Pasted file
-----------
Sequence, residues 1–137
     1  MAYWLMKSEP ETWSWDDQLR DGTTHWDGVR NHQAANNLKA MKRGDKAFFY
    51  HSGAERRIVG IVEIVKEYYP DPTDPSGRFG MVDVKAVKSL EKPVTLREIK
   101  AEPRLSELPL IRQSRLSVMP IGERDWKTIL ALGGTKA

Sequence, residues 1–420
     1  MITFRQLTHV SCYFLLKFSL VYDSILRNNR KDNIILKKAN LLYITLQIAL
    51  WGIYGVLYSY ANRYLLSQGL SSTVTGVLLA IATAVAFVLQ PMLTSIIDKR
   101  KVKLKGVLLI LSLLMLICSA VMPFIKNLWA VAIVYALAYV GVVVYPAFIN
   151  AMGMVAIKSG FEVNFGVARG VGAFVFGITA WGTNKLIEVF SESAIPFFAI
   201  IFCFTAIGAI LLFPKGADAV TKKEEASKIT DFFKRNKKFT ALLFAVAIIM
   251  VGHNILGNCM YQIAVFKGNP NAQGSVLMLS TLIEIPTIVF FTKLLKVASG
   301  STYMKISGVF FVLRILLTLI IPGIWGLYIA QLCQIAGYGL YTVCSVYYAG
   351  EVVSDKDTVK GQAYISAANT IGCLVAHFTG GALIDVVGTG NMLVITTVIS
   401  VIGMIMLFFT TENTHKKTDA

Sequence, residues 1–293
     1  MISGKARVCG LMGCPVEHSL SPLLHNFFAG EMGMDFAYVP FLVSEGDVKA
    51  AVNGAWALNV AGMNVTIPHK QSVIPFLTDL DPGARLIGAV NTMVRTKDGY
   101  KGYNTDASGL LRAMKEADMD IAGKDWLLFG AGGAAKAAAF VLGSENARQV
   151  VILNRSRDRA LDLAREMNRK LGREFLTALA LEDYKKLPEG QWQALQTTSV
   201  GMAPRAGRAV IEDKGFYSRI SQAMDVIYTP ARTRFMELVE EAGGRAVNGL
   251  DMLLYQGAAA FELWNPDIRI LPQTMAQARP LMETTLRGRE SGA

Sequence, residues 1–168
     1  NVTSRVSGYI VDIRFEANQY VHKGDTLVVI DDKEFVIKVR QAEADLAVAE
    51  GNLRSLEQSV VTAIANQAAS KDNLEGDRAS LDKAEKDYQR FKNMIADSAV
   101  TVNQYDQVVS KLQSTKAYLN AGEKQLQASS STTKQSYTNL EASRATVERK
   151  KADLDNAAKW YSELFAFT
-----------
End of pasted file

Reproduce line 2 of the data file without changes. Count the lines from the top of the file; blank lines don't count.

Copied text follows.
     1  MAYWLMKSEP ETWSWDDQLR DGTTHWDGVR NHQAANNLKA MKRGDKAFFY